UNESCO, in collaboration with the Interpol Regional Bureau for Southern Africa, will train law enforcement agencies to combat crimes against works of art and cultural heritage in Southern Africa.
The two day virtual training is scheduled for July 20 and 21, with several expert trainers from UNESCO, Interpol, UNIDROIT and the International Council of Museums (ICOM) leading the workshop.
The workshop seeks to strengthen law enforcement agencies in Southern Africa to prevent the illicit importation, exportation and transfer of ownership of cultural property; and generate measures to prevent the illicit trafficking of cultural property.
The training will also track the progress in the operationalisation of the standard operating procedures on works of art that were adopted by SADC Chiefs of Police at their AGM in June 2019 in Lusaka, Zambia. The adoption of the SOPs laid a strong basis for the follow-up in terms of creating where they do not exist yet (and strengthening where they exist), specialised police units at national level.
Units that are exclusively dedicated to the protection of cultural heritage to investigate cases of trafficking of cultural property, with national databases connected with Interpol’s Stolen Works of Art Database.
The main objectives of the meeting include:
- Encourage the strengthening of specialised units and national databases;
- Information sharing among Law Enforcement Agencies and Stakeholders;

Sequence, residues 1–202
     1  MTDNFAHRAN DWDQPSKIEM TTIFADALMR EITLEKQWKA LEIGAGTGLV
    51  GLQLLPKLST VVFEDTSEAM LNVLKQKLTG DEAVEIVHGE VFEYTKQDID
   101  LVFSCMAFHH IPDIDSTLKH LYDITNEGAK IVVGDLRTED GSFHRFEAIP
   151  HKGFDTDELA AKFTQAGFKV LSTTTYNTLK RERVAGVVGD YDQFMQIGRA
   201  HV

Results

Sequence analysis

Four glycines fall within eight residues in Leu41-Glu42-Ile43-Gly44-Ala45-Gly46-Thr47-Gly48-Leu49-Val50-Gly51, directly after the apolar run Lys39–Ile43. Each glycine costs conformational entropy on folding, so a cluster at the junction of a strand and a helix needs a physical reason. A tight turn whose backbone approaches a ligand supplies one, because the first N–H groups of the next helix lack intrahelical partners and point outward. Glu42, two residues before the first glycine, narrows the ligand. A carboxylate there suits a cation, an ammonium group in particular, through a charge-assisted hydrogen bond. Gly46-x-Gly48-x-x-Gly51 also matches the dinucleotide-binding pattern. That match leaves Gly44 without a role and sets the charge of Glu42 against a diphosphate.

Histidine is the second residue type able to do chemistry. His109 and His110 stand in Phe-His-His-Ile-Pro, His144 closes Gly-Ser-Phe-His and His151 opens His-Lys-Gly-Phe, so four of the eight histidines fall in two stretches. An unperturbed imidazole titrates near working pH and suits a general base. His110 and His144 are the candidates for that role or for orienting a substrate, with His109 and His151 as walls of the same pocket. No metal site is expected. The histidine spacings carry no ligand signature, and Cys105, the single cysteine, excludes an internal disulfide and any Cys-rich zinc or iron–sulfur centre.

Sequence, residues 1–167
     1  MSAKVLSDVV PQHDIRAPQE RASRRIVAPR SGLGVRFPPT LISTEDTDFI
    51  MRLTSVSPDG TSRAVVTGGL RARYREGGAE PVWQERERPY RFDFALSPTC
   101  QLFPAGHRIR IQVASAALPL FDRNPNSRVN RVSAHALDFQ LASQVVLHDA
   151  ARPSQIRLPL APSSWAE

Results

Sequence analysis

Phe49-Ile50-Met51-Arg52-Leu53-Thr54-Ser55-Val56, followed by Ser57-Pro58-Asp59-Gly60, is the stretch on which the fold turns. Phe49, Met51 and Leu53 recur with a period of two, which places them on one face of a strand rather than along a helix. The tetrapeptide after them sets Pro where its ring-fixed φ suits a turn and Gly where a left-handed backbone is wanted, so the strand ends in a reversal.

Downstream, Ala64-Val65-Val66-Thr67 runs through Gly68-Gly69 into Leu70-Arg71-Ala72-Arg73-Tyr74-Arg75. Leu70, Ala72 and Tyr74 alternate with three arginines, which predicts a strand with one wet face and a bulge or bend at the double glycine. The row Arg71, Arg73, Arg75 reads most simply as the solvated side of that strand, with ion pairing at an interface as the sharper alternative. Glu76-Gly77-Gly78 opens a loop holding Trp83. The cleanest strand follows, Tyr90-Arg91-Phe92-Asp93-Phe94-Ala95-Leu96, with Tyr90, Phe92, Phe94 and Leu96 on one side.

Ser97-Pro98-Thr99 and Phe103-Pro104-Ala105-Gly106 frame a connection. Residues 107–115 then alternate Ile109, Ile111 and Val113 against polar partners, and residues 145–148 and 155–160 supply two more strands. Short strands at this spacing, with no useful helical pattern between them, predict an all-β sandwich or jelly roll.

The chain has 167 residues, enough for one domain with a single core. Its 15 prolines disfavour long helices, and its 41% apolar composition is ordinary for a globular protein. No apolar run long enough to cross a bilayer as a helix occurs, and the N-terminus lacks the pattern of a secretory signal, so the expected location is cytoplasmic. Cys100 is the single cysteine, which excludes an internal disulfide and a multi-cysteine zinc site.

- Understand the impact of crimes against Works of Art and Cultural Heritage;
- Enhance knowledge and skills of police officers dealing with crimes against Works of Art and Cultural Heritage;
- Enhance collaboration and cooperation amongst line Ministries and stakeholders in fighting the scourge; and
- Understanding Legal Frameworks pertaining to Works of Art and Cultural Heritage.
Police officers dealing with works of art and cultural heritage from the 16 SADC/SARPCO member states and officers from line ministries/departments/national museums will participate in the workshop.
UNESCO’s work on the protection of cultural heritage and UNIDROIT’s work to facilitate the return of stolen or illegally exported cultural property support the achievement of SDG 16, and in particular target 4, which addresses the recovery and return of stolen assets and combatting all forms of organised crime.
Such work also supports SDG 4 target 7 on the importance of education to acquire the knowledge and skills necessary to fight illicit traffic.
UNESCO and UNIDROIT’s instruments also support the African Union vision adopted by African Heads of States, and in particular Aspiration 5, “An Africa with a strong cultural identity, common heritage, shared values and ethics”. – UNESCO